Making Room for Your Neighbor
Open Your Bible
Luke 10:25-37, Mark 12:28-34, Romans 13:8-10, Galatians 6:2
I’m embarrassed to admit how often I don’t love my neighbor.
One of my neighbors is a man who regularly stands on a corner near my house. Pangs of guilt shoot through my heart every time I shift my eyes away from him as I pass by. I have a long list of excuses for my inaction, of course—mind tricks and rationalizations to push away the guilt. It might not be safe to interact… I might enable an addiction… I can’t make a difference anyway. But is ignoring his very existence the way of the gospel?
When asked point-blank to identify the most important commandment, Jesus responded:
“Love the Lord your God with all your heart, with all your soul, with all your mind,
and with all your strength. The second is, Love your neighbor as yourself.
There is no other command greater than these” (Mark 12:30–31).
Notice how Jesus snuck two commandments into His answer? With this twofold response, Jesus showed just how interrelated and inseparable these two commandments really are. To truly love God, we must also love people.
On our best days, we want to obey Jesus’s command. But if we’re honest, some people are easier to love than others. Maybe they require less sacrifice, they love us back, or they just caught us in a good mood. Whatever our reasons, Jesus challenged this preference and inconsistency: “For if you love those who love you, what reward will you have? Don’t even the tax collectors do the same?” (Matthew 5:46). In other words, don’t expect a gold star for only loving when it’s easy.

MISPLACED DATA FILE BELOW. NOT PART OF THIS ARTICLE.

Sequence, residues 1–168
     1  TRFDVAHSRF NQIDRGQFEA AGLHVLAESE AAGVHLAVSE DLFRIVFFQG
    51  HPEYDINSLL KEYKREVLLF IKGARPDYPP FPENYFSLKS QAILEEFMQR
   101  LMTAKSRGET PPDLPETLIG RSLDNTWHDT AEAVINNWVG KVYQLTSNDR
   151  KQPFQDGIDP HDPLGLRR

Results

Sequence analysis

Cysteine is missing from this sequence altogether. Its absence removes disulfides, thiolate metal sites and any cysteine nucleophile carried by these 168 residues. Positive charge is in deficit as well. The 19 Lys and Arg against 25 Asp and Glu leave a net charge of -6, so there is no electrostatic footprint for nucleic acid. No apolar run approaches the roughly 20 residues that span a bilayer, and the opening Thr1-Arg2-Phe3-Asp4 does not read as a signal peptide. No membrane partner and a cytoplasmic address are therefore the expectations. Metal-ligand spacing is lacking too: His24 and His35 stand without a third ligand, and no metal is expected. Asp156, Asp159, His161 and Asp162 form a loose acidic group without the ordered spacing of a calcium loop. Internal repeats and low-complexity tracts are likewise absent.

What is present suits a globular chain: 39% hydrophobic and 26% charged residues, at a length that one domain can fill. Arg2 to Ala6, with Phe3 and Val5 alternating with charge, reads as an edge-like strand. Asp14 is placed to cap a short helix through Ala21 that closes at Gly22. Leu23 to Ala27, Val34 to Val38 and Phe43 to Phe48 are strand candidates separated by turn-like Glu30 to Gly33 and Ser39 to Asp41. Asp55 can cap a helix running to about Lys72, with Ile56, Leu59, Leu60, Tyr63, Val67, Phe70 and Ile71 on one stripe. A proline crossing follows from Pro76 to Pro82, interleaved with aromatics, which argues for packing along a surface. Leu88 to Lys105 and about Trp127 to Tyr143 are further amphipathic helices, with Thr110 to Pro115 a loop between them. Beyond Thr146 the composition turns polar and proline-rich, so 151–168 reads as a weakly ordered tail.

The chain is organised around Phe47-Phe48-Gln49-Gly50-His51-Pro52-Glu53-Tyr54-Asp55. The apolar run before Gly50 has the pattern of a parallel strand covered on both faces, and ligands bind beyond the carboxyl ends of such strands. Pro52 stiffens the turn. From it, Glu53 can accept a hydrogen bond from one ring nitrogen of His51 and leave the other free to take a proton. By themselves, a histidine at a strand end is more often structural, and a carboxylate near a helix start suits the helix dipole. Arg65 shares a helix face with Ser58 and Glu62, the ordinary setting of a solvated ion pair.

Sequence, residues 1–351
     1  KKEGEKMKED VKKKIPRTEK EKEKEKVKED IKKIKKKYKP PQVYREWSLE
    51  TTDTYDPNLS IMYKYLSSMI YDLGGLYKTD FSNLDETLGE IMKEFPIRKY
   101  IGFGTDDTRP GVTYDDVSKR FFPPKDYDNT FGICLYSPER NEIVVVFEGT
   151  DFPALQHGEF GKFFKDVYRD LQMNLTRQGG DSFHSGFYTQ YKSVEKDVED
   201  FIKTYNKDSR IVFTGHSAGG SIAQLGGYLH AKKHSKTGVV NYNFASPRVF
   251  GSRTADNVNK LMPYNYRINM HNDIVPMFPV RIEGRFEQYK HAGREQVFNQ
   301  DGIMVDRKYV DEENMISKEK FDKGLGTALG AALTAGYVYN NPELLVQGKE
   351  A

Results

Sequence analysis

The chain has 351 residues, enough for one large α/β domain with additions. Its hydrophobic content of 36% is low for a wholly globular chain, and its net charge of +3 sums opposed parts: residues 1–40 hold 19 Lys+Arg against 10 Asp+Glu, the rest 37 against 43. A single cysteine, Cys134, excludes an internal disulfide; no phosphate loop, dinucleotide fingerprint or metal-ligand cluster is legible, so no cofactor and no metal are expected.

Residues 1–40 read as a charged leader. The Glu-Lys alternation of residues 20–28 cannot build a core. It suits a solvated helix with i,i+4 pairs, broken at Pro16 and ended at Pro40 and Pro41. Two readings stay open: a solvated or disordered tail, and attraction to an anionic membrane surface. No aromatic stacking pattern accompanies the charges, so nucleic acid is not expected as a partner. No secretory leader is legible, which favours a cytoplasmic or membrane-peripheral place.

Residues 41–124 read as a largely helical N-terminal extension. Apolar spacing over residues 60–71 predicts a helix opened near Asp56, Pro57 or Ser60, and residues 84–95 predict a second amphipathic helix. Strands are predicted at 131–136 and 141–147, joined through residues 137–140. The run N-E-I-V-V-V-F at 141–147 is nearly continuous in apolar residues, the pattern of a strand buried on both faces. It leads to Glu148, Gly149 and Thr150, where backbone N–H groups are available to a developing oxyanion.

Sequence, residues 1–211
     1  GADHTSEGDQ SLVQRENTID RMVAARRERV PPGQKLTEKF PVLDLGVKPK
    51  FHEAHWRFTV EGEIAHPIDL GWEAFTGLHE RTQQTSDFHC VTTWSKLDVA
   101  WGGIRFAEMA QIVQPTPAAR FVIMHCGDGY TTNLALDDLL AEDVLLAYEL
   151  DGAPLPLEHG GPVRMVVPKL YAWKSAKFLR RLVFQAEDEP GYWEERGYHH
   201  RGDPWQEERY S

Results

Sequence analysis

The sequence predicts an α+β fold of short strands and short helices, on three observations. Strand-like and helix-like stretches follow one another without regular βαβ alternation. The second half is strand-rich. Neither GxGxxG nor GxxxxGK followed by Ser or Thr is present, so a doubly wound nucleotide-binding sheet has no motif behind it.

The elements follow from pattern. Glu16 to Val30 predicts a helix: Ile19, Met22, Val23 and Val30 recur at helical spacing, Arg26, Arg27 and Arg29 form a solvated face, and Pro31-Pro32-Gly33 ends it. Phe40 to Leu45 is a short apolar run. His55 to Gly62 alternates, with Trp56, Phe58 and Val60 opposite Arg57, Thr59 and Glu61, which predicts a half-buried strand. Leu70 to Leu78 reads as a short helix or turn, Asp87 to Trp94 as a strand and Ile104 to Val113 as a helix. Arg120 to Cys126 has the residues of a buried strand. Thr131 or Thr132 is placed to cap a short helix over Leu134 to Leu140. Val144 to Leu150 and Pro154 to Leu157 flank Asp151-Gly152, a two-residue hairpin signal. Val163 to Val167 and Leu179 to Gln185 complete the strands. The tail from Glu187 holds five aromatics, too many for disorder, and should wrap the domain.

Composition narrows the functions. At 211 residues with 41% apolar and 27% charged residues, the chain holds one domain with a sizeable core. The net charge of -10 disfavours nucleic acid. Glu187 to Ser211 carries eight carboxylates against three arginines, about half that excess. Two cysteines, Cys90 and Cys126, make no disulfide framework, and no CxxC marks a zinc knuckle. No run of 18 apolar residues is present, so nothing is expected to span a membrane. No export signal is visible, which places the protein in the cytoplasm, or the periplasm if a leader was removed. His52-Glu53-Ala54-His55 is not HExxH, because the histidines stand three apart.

When we feel guilty, we often want to justify our actions. When the Holy Spirit whispers to our conscience, we might argue away that sense of conviction by asking, Who really is my neighbor? In the book of Luke, we see a lawyer asking Jesus for clarification on the very same question (Luke 10:29). Jesus responded with the parable of the good Samaritan, a story that still offends our sensibilities, no matter how many times we hear it. Jesus told this parable to show His followers both who they should love and how they should love. The Good Samaritan and the man in the ditch had nothing in common, except for this one important detail: they were both journeying on the same road. For Jesus, that was enough of a reason to stop, to care, to be a neighbor. Anyone in our path—or on our path—is our neighbor, and we are called to love them.
How can we possibly love every person we meet? The truth is, in our own strength, we can’t—not perfectly. But the command remains. Scripture tells us that those who are in Christ are able to love because He first loved us (1 John 4:19–20). The life we live and the love we give are by His power and for His glory (Galatians 2:19–20).
The Son of God is the ultimate embodiment of the good Samaritan. Jesus left heaven to become one of us (Philippians 2:6–8), to seek us out and meet us in our deepest need, when we were still lying dead in the ditch of our sin (Ephesians 2:1). He left His throne room to rescue us, even to the point of death on a cross. Let us love our neighbors with this same otherworldly love, the love of Christ.